What we found much more effective was just writing everything down in plain English in a Notion doc, giving the interview participants 5 minutes to read through it, and asking them some open-ended follow up questions. It sounds almost comically simple, but it worked. We wasted much less time clarifying what our supposedly clever headlines meant or how the colours made them feel (RIP Midnight Petrol), and spent much more time on how they felt about the actual proposition itself and if it’s something they were excited about.

Example of written proposition document in Notion

Keep yourself honest

As you begin asking open-ended follow-up questions, like How did you feel about what you just read?, you’ll start getting a good idea about how well the proposition is landing. You’ll need to be really honest with yourself at this point, and be wary of confirmation bias. Do they seem excited? Are they being inquisitive? Do they just stare blankly into the camera? There’s a bit of an art to reading this right, but the most important thing is to be as objective as possible, and ignore the fact you’re absolutely desperate for them to love everything about your idea. Your biggest learnings will come from those that don’t, and your job is to dig as deep as you can into understanding why.

Early on, we were really desperate to stay away from the idea of credit card points. It felt old fashioned, and we wanted to do something completely different. We iterated on different ideas for months, but nothing was landing. Against our will, we tested a proposition with points, and everything changed. Faces were lighting up, people were getting excited, cameras were no longer being stared blankly into. We realised that we were just being stubborn, and were trying to invent a new mechanism for the sake of it. What really seemed to matter was what you could do with those points, which is where we doubled down our efforts (and where all of that earlier work understanding our target customer was invaluable).

Don’t ask if they like it. Do this instead.

As I discussed earlier, us humble humans are absolutely awful at predicting future intention, so asking how much participants like the proposition or if they’d be willing to buy it is a complete waste of time. Instead, we found a much more useful question to ask at the end of each session: Do you have any more questions for us? Typically, participants would either say Nope, that’s everything, see ya! or YES, WHEN ARE YOU LAUNCHING?!?!?! OK, maybe it wasn’t that dramatic, but you get the idea.

Asking this open-ended question gave us a much truer reflection of their feelings toward the proposition than anything else we asked. We ended up using this as a measuring stick for how well everything was landing in each set of sessions, with our goal to get as many people answering like the excited maniac who couldn’t wait for us to launch as possible.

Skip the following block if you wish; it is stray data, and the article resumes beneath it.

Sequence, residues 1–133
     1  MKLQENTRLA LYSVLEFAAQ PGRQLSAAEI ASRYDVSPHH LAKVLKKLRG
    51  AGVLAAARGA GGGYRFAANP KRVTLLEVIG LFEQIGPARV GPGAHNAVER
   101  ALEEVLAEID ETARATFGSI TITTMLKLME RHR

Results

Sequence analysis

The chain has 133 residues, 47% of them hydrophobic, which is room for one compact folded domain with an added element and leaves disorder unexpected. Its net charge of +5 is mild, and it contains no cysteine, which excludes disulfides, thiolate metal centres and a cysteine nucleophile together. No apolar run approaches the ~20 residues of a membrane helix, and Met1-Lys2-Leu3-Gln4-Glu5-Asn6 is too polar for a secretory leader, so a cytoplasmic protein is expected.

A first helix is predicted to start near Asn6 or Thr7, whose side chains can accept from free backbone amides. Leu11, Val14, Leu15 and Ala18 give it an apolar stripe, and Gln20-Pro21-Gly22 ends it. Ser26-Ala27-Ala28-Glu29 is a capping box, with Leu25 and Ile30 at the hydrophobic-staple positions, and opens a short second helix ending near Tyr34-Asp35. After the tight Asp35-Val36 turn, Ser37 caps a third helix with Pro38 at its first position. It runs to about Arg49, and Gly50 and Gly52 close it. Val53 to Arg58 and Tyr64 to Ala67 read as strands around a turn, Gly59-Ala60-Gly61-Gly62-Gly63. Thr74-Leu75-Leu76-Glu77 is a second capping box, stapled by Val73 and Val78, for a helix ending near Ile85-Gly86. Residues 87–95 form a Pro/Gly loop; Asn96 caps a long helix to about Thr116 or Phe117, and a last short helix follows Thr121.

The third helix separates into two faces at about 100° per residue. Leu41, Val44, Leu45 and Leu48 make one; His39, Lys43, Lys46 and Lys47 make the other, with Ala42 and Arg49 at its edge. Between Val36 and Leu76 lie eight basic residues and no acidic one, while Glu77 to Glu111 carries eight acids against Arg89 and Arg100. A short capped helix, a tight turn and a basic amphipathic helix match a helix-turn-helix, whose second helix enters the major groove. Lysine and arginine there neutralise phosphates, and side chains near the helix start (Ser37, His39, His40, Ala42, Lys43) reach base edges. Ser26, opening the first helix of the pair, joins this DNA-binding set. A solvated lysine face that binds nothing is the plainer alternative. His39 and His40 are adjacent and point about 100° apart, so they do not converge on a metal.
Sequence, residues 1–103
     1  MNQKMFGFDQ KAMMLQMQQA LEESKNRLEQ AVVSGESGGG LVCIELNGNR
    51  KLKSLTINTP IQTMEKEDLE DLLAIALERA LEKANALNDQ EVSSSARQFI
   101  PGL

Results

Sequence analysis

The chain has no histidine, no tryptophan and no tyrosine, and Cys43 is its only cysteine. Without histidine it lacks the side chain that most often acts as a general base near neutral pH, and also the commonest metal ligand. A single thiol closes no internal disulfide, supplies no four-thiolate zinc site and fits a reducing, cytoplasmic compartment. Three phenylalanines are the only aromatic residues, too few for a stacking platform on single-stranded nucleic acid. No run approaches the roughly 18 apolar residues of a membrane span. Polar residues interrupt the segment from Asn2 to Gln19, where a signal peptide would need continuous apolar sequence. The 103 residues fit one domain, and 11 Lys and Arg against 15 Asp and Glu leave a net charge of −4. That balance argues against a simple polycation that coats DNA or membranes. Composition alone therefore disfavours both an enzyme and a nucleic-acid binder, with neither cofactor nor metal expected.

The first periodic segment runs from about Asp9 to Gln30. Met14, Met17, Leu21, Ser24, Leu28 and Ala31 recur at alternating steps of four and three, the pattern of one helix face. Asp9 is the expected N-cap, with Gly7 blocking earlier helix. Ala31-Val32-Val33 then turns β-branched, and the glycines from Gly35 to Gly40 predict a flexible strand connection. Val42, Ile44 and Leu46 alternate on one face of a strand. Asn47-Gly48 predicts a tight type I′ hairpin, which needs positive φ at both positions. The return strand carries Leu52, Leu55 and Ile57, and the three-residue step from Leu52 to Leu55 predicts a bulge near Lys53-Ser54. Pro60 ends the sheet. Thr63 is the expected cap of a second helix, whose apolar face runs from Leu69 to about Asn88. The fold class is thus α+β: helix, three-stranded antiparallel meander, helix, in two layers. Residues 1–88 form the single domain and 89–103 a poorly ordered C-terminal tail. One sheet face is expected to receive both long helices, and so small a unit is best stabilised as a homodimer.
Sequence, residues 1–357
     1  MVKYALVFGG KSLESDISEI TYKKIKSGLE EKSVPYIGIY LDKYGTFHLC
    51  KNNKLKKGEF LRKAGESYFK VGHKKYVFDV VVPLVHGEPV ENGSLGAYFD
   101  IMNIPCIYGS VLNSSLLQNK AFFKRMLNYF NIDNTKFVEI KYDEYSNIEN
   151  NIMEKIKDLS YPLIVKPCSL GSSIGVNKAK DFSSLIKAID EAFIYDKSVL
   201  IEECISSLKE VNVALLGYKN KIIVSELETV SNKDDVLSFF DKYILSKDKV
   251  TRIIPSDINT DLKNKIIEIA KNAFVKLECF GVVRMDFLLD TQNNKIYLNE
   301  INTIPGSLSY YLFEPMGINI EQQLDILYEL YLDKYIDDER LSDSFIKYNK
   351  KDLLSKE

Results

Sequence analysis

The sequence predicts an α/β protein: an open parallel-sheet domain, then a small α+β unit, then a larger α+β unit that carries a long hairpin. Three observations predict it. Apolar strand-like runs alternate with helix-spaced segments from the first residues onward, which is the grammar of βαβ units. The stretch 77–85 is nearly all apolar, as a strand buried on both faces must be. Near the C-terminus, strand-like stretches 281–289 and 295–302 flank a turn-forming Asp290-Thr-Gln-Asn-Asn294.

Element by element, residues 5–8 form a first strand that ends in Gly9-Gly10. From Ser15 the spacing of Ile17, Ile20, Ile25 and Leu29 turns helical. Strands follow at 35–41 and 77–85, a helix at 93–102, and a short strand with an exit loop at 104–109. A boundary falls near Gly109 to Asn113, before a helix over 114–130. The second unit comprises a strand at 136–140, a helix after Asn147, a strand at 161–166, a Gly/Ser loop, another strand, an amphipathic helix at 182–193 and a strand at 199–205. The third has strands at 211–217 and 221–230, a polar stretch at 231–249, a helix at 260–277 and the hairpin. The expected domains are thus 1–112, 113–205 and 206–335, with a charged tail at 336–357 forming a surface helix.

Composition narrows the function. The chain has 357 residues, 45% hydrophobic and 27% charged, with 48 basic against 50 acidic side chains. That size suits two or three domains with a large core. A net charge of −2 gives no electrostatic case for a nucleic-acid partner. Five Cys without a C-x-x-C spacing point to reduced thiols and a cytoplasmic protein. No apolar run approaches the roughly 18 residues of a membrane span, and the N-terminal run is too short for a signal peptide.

I’ve already mentioned this a bunch of times, but I cannot overstate its importance: Always have a member of your team with you in each session. This serves two purposes:

  1. They can take the notes, so you can focus on the conversation
  2. It builds a huge amount of empathy and shared understanding across your team

If you’re at an early stage startup, chances are you’re surrounded by pretty smart people with fairly strong opinions. Having them literally hear directly from their target customers where they might be right or wrong is incredibly powerful.

Also, building in a customer obsessed culture from day one will pay dividends further down the line. When I first joined, our Chief Risk Officer literally had no idea what a designer did. We still joke about it. Fast forward 12 months, and he’s running his own research projects when I’m too stretched to help him answer a burning question he has about our customers.

It’s really easy to do this as well. As you begin booking in research sessions, quickly check your team mates calendars, and invite whoever is free at that time. Get them to write down everything the participants says, and ask them what they found interesting afterwards. I constantly get feedback from the rest of the team about how much they enjoy these sessions, and how insightful they are. Seriously, there’s really no reason for you not to do it.

As I’m sure you know, a product proposition is never finished. You’ll need to constantly be innovating and iterating, and basically going through this entire cycle over and over again. Even your personas and assumptions should be reevaluated and retested every few months.

I hope you’ve found some of this helpful. Some of it might apply to you, some of it might not. If you’ve got any questions or want me to fire over some of the templates we used, ping me a message on LinkedIn. If working with me and the rest of the amazing Yonder team sounds like fun, then you can check us out here. Even if there aren’t any open roles for the things you’re good at, we’d still love to hear from you.

Lastly, if Yonder sounds like something you’d enjoy using, you can get 3 months free and a £50 rewards credit by applying today.

Dark metal Yonder card sitting amongst cocktails
Categorized as UX